Waste: Waste and packaging is a big focus area for us. In 2018, we embarked on an ambitious journey by committing to a target of zero packaging waste to landfill and since then we’ve already eradicated more than 350 tons of packaging. We’re committed to having only reusable and recyclable packaging by 2022. We committed to eradicating single use plastic shopping bags from our stores and have 148 plastic bag free stores across our fleet. In our food stores, we are rolling out low cost, reusable bags with recyclable paper bags for our home, beauty and fashion stores. We are also working to remove any unnecessary single use plastic products. We continue to make packaging improvements by removing unsustainable packaging substrates and incorporating more reusable, recyclable and sustainable packaging. The challenge is to balance the functional role of packaging, which is to maintain the quality, freshness, safety, transportability, etc. of the product with the need to avoid unnecessary and over packaging. Packaging also plays a significant role in preventing food loss and waste. In a country like ours where up to 30% of all food that is produced is lost, we take our obligation towards avoiding food waste very seriously. It is as important to us as reducing the amount of packaging we use. If you add to that our focus on quality, the challenge becomes quite clear, so it’s important to find the correct balance in this process.
Driving ownership and accountability
The GBJ is a core business strategy and informs and shapes many of the other strategies and is fully incorporated into our overall business strategy and growth blueprint. We set targets for a 5-year period with intermediate 1-year milestones, so we can track each business unit and hold them accountable to execute on their initiatives. Progress is measured on a bi-annual basis through a robust score carding process with results reported to the WHL Board Sustainability Committee. The GBJ facilitates a consistent, organisation-wide approach to managing sustainability issues across the business. It has been a key enabler in our efforts to become one of the world’s most responsible and sustainable retailers.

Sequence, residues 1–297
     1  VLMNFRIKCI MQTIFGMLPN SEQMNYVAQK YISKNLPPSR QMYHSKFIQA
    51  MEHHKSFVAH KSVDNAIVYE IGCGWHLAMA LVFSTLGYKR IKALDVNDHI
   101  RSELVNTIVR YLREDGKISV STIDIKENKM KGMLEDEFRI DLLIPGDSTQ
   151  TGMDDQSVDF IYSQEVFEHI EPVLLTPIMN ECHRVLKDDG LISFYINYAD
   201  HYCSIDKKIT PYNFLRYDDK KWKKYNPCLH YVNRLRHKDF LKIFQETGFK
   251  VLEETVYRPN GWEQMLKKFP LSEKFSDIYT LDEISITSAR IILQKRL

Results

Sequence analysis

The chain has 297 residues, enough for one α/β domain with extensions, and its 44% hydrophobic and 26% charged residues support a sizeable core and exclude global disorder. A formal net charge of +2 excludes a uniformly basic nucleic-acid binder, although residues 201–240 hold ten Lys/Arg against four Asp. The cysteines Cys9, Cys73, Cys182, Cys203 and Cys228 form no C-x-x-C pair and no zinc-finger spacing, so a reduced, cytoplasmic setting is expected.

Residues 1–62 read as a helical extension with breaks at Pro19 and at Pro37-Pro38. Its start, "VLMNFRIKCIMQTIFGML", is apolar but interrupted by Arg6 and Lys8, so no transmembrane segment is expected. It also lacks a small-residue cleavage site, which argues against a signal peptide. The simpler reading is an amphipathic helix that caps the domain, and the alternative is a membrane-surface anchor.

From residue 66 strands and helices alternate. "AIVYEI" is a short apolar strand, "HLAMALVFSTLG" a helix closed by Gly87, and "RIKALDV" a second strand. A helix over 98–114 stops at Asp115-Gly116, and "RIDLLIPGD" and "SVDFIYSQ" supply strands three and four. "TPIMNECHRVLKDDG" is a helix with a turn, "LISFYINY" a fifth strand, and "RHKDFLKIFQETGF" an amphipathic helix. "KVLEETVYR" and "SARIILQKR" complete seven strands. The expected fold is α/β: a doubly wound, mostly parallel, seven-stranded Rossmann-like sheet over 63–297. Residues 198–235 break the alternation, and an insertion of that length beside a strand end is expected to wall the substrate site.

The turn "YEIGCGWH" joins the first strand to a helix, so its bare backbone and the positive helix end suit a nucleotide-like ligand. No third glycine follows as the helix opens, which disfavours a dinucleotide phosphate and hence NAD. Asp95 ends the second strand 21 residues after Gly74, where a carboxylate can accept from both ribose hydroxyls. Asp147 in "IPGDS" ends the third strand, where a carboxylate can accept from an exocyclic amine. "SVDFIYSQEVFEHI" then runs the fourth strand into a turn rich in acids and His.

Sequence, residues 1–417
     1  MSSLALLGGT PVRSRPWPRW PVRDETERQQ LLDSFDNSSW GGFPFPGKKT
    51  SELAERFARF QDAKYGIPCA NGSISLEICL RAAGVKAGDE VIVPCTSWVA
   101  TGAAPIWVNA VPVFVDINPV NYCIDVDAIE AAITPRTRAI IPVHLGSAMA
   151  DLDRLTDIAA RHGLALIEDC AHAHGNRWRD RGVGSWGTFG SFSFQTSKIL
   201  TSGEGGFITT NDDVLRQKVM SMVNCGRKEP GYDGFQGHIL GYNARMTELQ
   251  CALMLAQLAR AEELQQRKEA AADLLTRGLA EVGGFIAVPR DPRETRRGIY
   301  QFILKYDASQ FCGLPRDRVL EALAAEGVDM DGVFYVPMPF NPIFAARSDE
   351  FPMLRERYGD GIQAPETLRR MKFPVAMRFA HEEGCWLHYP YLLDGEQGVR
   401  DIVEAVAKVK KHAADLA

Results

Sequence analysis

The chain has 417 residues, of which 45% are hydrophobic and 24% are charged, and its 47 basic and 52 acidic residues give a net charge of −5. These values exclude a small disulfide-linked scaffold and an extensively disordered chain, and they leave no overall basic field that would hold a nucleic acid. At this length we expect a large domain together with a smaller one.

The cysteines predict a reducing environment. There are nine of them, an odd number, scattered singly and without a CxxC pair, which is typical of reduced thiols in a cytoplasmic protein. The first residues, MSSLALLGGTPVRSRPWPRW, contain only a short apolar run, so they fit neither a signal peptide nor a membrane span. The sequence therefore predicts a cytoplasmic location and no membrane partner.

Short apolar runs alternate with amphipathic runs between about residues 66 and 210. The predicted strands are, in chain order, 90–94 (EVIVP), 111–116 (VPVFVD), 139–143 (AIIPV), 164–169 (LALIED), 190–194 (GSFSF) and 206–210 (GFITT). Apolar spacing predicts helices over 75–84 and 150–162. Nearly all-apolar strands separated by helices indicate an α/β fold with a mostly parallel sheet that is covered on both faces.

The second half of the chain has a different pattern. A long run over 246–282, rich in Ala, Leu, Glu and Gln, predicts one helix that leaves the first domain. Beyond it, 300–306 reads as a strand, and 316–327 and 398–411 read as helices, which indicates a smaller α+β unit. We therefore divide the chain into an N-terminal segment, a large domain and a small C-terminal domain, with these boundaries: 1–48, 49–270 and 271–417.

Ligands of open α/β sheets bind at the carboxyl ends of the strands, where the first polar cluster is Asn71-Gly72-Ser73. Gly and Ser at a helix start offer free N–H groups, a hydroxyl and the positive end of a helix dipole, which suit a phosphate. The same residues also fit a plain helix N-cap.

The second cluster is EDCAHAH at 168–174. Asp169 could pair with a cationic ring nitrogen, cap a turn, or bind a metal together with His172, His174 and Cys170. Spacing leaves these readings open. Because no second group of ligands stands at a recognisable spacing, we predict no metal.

Woolworths was one of the first major retailers to sign up to the EP100 initiative in 2017, committing to doubling energy productivity and the first South African company to sign up to the Ellen MacArthur Foundation’s New Plastics Economy Global Commitment in 2018. They have contributed R3.97 billion to local communities across the group against their 2020 target of R3.5 billion. Despite many accolades, we know there is always much still to do. In 2015, we set ourselves a range of sustainability targets for the 5-year period. In many cases, we not only achieved, but exceeded these and perhaps we were not thinking big enough. We are now in the process of finalising new group-wide GBJ goals and commitments based on the issues that we’ve identified as most important for our organisation, namely climate change, water, biodiversity loss, packaging, waste, responsible sourcing, transformation & diversity and wellbeing. Where possible, our targets will be set on a science or context-based approach and aligned with various global collective initiatives.
Moving from plans to impact
Many companies recognise how important this work is, but corporate sustainability as a whole is at a critical juncture. It’s not enough for companies to talk about it and set targets and think that targets alone will get us to where we need to be. We have to move to executing on the actions to achieve those targets and we have to hold ourselves more accountable. It has to be about impact and not just about plans. This is urgent. Our planet, communities, consumers and investors are calling for it. The business imperative is overwhelming and I believe it is the only way to ensure long-term business continuity and success. While Woolworths can make an important difference in all of these areas, profound, sustainable, real impact and progress will require significantly elevated levels of collaboration amongst stakeholders at large. All of us working together, but the business community in particular, can and must play a leading role in driving many of these initiatives.